In a simple meter, inserting a compound division (artificially dividing the beat into three equal portions) is called a triplet and is written thus:
Figure 1.50 Triplets in Simple Meter
Conversely, inserting a simple division into a compound meter (artificially dividing the beat unto two equal portions) is called a duplet, and is written thus:
Figure 1.51 Duplets in Compound Meter
A triplet may occur across multiple beats in Simple Meter, called a super-triplet. In Compound Meter, a larger tuplet across multiple beats may occur.
Figure 1.52 Super-triplet, Tuplet
Composers have employed many other tuplet figures, inserting larger artificial divisions within beats or groups of beats.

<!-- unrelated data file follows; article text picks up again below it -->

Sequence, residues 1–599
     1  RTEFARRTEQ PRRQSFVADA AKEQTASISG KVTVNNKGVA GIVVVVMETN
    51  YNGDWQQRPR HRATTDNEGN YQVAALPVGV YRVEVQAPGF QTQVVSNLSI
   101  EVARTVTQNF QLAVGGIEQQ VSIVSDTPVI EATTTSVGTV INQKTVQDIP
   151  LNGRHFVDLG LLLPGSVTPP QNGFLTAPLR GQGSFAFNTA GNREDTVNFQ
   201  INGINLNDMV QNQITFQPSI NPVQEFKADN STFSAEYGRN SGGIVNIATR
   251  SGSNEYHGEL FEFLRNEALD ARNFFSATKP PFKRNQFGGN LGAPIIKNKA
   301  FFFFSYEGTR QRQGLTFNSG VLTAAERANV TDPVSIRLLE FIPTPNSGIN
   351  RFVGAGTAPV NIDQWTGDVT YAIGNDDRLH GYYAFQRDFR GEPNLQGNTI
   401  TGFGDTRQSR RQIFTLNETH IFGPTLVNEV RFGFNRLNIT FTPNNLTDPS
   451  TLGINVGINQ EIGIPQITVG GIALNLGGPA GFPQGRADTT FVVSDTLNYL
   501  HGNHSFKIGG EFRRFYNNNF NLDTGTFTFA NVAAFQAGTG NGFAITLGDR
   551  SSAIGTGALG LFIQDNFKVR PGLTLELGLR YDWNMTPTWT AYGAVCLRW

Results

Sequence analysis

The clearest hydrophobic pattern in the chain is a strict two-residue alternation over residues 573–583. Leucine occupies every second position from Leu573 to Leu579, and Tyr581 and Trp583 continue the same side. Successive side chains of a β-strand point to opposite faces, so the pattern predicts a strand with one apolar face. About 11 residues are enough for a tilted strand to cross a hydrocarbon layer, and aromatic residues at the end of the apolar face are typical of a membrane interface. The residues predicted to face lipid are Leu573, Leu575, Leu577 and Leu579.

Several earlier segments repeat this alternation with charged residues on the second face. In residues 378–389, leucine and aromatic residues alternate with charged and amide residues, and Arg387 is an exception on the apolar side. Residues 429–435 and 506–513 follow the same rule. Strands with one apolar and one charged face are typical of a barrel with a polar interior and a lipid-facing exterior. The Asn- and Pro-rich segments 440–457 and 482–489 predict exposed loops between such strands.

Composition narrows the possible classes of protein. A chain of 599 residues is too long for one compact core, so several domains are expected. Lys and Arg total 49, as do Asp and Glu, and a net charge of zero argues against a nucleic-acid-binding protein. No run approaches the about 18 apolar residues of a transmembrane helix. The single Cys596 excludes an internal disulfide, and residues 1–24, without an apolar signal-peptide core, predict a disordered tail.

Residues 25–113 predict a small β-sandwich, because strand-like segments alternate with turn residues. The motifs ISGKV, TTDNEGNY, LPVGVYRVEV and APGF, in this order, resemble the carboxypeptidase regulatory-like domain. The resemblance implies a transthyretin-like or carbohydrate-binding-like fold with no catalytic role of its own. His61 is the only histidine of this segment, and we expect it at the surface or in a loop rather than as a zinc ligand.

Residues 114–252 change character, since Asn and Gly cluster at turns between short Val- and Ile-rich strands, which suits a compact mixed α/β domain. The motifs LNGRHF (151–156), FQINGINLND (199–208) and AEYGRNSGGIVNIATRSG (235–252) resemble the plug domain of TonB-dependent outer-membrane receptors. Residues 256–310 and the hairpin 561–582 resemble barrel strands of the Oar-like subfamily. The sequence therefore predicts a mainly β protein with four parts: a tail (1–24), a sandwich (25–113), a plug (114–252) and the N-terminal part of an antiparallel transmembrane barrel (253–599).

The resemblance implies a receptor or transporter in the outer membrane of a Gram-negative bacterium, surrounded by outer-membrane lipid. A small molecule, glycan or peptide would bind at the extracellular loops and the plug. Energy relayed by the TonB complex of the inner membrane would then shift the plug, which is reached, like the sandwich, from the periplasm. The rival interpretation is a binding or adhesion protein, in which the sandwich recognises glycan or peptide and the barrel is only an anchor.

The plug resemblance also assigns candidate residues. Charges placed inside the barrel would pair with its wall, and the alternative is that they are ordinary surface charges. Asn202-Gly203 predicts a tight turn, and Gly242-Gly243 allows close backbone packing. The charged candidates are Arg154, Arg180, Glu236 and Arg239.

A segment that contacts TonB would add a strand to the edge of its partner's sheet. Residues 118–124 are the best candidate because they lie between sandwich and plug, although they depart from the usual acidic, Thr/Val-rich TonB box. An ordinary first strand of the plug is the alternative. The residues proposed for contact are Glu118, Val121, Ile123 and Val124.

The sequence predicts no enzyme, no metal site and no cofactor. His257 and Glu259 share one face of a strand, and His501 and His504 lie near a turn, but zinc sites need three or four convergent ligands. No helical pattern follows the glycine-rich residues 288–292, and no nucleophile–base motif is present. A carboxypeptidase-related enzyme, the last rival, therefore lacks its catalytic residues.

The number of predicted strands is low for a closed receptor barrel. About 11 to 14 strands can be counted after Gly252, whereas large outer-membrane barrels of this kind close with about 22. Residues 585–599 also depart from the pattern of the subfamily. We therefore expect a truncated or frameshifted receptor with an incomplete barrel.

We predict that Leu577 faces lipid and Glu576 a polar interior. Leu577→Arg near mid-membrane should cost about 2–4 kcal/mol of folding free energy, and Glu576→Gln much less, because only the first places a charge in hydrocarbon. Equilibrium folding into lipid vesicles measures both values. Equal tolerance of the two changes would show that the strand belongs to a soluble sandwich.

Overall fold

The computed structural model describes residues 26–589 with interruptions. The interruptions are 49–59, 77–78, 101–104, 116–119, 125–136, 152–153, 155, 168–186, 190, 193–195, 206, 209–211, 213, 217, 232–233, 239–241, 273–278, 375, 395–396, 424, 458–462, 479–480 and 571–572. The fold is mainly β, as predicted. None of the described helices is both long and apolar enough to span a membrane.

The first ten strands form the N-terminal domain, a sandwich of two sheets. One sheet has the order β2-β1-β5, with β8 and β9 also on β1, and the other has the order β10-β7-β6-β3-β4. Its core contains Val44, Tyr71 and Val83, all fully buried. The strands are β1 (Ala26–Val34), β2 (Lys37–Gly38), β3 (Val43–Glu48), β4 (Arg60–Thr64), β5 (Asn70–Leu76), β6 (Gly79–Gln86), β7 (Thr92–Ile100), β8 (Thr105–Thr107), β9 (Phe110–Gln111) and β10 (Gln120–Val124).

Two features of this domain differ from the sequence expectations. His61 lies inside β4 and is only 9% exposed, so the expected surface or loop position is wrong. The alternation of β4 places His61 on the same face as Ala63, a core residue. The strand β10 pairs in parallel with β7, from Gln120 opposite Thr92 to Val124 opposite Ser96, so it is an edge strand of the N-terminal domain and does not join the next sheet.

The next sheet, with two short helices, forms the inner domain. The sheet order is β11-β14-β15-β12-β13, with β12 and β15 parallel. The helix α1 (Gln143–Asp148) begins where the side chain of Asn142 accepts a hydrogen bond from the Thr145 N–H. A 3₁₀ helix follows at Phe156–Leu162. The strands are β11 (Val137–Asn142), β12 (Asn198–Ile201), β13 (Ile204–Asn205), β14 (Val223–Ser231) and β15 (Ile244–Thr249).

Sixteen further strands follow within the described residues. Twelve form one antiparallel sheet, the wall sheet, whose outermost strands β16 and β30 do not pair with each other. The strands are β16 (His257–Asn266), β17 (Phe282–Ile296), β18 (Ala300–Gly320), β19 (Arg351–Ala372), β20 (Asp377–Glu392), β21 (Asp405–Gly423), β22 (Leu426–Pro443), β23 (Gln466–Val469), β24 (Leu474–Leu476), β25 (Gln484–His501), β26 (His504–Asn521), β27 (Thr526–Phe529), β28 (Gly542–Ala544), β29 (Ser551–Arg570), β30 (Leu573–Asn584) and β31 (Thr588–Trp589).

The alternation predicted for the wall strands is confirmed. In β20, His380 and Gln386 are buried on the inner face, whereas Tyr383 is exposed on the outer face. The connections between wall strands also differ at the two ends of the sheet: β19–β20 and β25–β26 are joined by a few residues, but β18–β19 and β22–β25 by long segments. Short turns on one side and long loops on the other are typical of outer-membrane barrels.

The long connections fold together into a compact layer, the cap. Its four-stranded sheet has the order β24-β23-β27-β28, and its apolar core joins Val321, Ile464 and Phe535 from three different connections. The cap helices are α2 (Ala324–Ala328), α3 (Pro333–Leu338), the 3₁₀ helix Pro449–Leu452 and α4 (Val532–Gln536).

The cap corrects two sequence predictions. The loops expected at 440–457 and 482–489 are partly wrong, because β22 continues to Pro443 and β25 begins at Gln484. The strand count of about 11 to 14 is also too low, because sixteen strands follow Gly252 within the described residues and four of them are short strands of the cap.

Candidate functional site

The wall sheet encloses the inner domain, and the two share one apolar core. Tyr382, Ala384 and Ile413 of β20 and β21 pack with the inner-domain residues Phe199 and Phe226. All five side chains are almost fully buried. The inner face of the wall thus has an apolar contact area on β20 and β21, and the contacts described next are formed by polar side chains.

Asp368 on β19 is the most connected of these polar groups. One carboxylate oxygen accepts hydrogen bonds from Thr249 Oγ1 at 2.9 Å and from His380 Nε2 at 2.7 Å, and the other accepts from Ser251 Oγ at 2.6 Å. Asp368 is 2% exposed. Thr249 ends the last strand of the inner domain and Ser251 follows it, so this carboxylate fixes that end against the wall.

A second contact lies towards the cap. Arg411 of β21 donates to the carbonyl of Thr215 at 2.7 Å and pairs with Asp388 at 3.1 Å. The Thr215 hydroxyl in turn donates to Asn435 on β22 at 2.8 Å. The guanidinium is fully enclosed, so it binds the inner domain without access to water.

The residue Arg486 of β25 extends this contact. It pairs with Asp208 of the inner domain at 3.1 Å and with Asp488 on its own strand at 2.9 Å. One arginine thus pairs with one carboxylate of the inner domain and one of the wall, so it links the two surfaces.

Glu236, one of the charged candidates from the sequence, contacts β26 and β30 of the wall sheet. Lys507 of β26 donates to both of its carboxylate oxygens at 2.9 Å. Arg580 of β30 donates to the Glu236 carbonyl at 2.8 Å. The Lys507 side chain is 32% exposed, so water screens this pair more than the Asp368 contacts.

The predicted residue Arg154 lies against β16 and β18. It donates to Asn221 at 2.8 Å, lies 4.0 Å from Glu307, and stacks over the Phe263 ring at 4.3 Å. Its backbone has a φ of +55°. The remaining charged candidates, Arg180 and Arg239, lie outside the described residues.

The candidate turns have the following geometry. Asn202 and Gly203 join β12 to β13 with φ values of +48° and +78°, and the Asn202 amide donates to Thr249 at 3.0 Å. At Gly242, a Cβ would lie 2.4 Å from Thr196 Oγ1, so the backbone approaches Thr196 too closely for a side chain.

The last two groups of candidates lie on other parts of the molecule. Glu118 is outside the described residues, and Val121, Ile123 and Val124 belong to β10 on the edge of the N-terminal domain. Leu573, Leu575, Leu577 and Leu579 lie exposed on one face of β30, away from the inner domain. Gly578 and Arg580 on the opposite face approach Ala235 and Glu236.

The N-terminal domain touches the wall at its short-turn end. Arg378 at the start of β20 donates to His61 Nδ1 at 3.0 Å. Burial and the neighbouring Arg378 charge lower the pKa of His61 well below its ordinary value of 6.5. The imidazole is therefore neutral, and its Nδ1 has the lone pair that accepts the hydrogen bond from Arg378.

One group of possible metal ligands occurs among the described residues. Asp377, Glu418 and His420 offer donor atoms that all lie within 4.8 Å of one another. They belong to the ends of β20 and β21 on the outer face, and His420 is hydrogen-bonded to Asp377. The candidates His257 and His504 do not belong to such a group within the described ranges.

Figure 1.53 Examples of Larger Tuplets
Artificial division is used as a process for making rigid time and beat division much more fluid and irregular. This technique is especially prevalent in music from the 19th Century onwards.
Syncopation is another common rhythmic device. The simplest definition of syncopation is:
Here are some typical rhythmic patterns demonstrating this device:
Figure 1.54 Examples of Syncopation Patterns
Asymmetrical meter has become a very common device in the composer’s arsenal. Often called “Odd-meters” (a slang term) because the top number of such time signatures is an “odd number,” these are time signatures that mix simple and compound beats within a measure or pulse grouping. Common examples are:
Triple meters and their multiples are not included in this category generally. Often these meters are treated in the same manner that we treat compound meters, that is, the written time signature represents First Division. So, for example, might be grouped as two eighth notes plus three eighth notes or the reverse.